While this is ok at the start with just one new driver, get a few years in the future and turn your drivers over entirely and suddenly you have an anonymous avatar in your car rather than a real driver with a personality and that is a big shame.
For all those negatives, F1 Manager 2022 is an absolute blast.
It manages to blend the technical challenges of Formula 1 with a high degree of accessibility.
It doesn't quite live up to expectations, but that was never a likely outcome given the hype this game received.
What F1 Manager does best is put you at the heart of everything. All your decisions and choices matter. If you leave your driver's ERS on it just goes, there are no checks or balances. YOU are in control. You can even have a driver just run out of fuel on the road if you aren't paying attention (yea, we did that. Sorry Mick).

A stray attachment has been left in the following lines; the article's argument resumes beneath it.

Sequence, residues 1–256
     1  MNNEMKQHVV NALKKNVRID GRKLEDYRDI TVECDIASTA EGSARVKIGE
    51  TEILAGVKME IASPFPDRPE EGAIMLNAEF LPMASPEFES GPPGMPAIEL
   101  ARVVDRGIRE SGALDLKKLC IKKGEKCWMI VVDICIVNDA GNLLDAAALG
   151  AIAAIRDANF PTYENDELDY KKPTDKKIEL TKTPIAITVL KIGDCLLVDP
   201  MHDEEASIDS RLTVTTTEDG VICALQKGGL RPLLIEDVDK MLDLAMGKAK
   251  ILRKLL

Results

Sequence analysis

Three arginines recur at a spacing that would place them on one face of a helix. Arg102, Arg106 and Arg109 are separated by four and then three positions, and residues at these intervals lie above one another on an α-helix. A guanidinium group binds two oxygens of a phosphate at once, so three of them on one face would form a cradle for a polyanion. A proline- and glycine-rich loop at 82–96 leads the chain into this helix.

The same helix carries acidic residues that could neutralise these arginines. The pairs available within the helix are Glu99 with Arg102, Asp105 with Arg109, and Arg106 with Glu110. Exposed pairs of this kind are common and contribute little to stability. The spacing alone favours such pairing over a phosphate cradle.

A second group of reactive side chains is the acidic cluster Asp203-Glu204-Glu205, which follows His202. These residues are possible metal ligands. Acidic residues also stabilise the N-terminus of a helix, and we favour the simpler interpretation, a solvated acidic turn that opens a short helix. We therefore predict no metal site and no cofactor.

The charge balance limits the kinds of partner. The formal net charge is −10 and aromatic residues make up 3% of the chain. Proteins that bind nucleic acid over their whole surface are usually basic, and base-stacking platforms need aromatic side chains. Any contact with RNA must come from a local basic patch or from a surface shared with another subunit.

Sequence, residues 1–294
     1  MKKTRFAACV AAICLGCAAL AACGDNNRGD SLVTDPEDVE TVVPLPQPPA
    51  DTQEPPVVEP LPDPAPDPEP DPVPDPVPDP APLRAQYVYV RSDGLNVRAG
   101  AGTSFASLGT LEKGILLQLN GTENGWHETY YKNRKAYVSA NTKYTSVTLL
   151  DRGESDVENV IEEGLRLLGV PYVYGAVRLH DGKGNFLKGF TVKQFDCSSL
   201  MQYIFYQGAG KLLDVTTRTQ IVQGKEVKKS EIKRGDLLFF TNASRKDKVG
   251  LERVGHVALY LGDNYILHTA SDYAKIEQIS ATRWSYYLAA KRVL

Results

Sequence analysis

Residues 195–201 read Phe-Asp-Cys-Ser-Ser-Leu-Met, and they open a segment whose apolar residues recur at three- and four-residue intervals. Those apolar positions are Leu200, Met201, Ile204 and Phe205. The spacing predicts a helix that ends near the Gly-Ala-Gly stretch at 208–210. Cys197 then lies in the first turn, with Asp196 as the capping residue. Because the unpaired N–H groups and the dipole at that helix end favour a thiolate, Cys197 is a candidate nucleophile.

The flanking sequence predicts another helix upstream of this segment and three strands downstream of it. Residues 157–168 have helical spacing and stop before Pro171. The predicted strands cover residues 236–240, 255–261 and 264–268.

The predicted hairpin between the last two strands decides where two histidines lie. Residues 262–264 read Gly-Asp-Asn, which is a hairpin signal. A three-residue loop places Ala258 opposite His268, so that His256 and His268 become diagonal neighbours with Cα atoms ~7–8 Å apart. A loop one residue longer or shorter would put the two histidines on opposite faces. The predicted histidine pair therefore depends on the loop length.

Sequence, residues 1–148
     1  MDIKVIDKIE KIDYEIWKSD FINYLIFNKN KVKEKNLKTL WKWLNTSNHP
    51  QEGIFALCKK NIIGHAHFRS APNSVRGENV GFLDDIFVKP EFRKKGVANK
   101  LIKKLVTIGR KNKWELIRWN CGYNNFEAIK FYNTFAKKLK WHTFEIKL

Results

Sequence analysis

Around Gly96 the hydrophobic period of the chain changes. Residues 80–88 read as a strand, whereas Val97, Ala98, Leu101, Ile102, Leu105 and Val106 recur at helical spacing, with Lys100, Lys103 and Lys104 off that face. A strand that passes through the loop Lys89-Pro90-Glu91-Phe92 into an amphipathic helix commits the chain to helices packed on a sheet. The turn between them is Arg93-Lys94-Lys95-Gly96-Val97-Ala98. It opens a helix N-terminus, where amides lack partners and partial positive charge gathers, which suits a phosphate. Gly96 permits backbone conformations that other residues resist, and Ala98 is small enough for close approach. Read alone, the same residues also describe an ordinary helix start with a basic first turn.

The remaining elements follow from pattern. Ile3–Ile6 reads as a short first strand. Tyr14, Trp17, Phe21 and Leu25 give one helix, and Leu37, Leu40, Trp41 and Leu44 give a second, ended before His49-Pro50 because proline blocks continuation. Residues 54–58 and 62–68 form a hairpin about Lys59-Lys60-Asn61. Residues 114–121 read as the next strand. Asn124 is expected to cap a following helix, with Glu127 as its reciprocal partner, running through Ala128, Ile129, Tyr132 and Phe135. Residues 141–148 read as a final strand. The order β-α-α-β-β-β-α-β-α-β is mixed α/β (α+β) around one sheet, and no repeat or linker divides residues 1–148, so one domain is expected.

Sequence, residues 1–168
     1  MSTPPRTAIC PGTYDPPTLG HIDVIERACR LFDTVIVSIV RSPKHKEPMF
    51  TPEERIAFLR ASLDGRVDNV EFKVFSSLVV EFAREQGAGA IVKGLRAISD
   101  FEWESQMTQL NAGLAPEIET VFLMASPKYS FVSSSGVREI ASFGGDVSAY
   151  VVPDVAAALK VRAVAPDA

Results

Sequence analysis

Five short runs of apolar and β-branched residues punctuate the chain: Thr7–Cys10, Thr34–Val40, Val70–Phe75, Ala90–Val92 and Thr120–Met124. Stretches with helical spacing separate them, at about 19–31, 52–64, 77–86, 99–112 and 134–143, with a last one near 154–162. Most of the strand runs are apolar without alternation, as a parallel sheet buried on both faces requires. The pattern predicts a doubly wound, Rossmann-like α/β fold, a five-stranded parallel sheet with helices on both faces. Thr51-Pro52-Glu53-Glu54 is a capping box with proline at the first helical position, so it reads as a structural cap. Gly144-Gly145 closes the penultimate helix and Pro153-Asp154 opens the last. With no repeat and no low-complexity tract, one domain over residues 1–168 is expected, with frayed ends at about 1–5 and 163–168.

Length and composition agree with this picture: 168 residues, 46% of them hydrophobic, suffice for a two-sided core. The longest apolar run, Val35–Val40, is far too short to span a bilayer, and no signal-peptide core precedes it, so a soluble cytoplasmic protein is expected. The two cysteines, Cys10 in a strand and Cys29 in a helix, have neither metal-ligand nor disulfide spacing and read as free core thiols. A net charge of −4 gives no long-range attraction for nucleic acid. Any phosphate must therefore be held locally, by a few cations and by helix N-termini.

The parts that don't quite work as well like the race flow are likely to be continuously tweaked and updated both this year and into the future. F1 Manager 2022 is great, and it's hard to believe this is just the first installment of a multi-year franchise.
As frustrating as some races can be, they are also tense and thrilling affairs. A driver error can be as costly as any strategic mistake you make, and that's where the joy of the management game comes in. No matter what you do, things might not go your way.
It's a game that will have endless replayability too. Staff are tough to develop, but you have total control over how drivers grow and improve, giving you the chance to create a driving god as well as a car that is the envy of the grid.
It's going to take over your life, just remember to pause your race to catch the real thing on a Sunday!
RacingGames Rating: 8/10